This is an excerpt from Quibbles & Bits, the BuzzFeed News copy desk’s newsletter. Sign up below to nerd out about language and style with us once a month!
Allow me to introduce the new and improved BuzzFeed Style Guide! The leading authority on the language of the internet now has a streamlined alphabetical format. Since the BuzzFeed Style Guide was first published in February 2014 — a bold decision by then–copy chief Emmy Favilla, since few organizations choose to make their internal guides public-facing — it grew to become a massive document that included an extensive list of terms followed by dozens of different topical sections.
So we've done what copy folk do best: We gave it an edit. In our new, simplified design, “Pornhub” and “porta-potty” are followed by the lengthier “possessives” entry. We’ve also added a fresh feature: a section at the top highlighting recent updates we’ve made to the style guide.
Our revamp also means the style guide is more compact and easier to scroll through. We realized most people navigate the style guide using the Find command (ctrl + F on PCs; ⌘ + F on Macs) to search for specific words or topics, so we now include alternate spellings — even if you type “health care,” you’ll land on our “healthcare” entry, which advises that it be written as one word, in all forms.
In addition, we include terms that we advise not using, like this guidance under “disability”: “Use nondisabled, not able-bodied, when referring to people who do not have disabilities.”
The “recent updates” section is something our readers have been clamoring for, and we agree that it’s helpful to see what might have changed since your last visit — especially if we’ve reversed previous guidance, like we did last month in the possessives entry I mentioned above. We often announce changes like this on Twitter, but they can be easy to miss. In this case, we had some pretty confusing guidance for whether to add an extra “s” after the apostrophe for proper nouns ending with an “s,” depending on whether they made an “s” or “z” sound. This exception often required us to say names out loud without necessarily reaching a confident consensus. We really struggled with Miles Teller’s first name, for example. One of our copy editors said, “I sat here saying ‘Miles’ to myself like five times to confirm it does indeed end in a ‘z’ sound. My fiancé came in the room and was like, ‘Have you gone crazy?’”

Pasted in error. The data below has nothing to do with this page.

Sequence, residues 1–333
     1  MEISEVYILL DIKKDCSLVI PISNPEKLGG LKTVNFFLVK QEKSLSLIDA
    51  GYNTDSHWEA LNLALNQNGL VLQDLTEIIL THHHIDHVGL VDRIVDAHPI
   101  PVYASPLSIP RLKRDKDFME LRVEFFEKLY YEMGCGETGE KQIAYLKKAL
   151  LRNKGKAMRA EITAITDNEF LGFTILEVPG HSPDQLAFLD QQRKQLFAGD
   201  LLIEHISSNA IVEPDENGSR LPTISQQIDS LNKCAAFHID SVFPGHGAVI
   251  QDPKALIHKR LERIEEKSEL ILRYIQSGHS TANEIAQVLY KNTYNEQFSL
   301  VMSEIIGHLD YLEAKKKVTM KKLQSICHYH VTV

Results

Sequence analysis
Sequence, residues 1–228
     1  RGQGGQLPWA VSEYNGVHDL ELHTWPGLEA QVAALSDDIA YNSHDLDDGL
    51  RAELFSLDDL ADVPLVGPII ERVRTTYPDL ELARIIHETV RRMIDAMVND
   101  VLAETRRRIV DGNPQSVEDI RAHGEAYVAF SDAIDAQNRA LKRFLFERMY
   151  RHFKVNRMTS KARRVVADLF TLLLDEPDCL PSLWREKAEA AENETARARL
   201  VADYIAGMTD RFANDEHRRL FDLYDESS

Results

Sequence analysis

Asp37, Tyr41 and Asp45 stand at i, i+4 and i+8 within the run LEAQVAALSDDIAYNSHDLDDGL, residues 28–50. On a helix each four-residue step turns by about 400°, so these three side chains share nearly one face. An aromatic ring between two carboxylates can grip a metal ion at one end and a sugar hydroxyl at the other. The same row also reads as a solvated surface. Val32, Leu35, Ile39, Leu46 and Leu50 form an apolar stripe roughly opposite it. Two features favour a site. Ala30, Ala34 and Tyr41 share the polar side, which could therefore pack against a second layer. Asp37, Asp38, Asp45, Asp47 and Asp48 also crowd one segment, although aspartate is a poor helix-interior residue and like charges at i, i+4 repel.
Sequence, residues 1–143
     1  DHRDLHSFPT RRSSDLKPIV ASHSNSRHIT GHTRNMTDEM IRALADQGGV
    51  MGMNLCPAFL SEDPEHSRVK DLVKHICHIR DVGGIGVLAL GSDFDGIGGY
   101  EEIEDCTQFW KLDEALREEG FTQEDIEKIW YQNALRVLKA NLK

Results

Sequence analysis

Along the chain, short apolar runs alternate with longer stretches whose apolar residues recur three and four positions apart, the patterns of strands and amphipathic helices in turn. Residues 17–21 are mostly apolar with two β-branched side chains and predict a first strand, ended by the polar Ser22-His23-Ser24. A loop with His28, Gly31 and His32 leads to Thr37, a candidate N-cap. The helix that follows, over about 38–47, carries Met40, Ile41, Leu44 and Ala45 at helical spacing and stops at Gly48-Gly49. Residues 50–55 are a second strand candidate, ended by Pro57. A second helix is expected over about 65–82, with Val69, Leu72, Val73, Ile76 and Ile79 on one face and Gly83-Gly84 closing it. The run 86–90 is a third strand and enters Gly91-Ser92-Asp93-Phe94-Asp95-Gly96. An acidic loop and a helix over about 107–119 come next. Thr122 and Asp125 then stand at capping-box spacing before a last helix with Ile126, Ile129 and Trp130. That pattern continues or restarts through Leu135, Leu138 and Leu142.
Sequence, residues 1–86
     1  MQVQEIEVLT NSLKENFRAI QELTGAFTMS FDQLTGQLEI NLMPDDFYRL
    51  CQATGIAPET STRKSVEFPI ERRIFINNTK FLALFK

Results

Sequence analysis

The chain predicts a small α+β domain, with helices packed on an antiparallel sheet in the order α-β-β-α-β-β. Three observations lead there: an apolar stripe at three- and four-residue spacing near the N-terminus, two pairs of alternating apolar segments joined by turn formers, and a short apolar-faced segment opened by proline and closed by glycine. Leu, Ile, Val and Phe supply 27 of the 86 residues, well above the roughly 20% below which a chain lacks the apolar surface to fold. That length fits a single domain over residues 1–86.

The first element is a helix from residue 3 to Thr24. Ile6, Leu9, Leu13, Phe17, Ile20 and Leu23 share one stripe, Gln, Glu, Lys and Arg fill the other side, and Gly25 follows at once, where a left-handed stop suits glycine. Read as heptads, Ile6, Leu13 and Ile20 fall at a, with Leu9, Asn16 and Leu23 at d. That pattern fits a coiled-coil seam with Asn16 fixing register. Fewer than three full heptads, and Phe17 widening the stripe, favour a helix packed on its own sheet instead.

When we finally decided to strike this exception, you could almost hear our collective sigh of relief. Fun fact: We scrapped this once before in 2015 but reinstated it after a perplexing but vocal outcry from people in the newsroom. Let’s hope this time it sticks — but I’m steeling myself for another protest when more people see it included in our recent updates list at the top of the style guide!
This is a low-stakes example of how our copy desk works: We thoughtfully consider all language and style issues that people raise with us (via our @styleguide Twitter, email, or DMs; from BuzzFeed staff or the general public). When someone earnestly (i.e., not trolls or haters) asks us to reconsider our guidance or add something new to the style guide, we discuss it as a team. It’s an excellent opportunity to reflect on why something is (or isn’t) in the style guide. It’s also of paramount importance to us that the subjects of a story have a say in how they are described.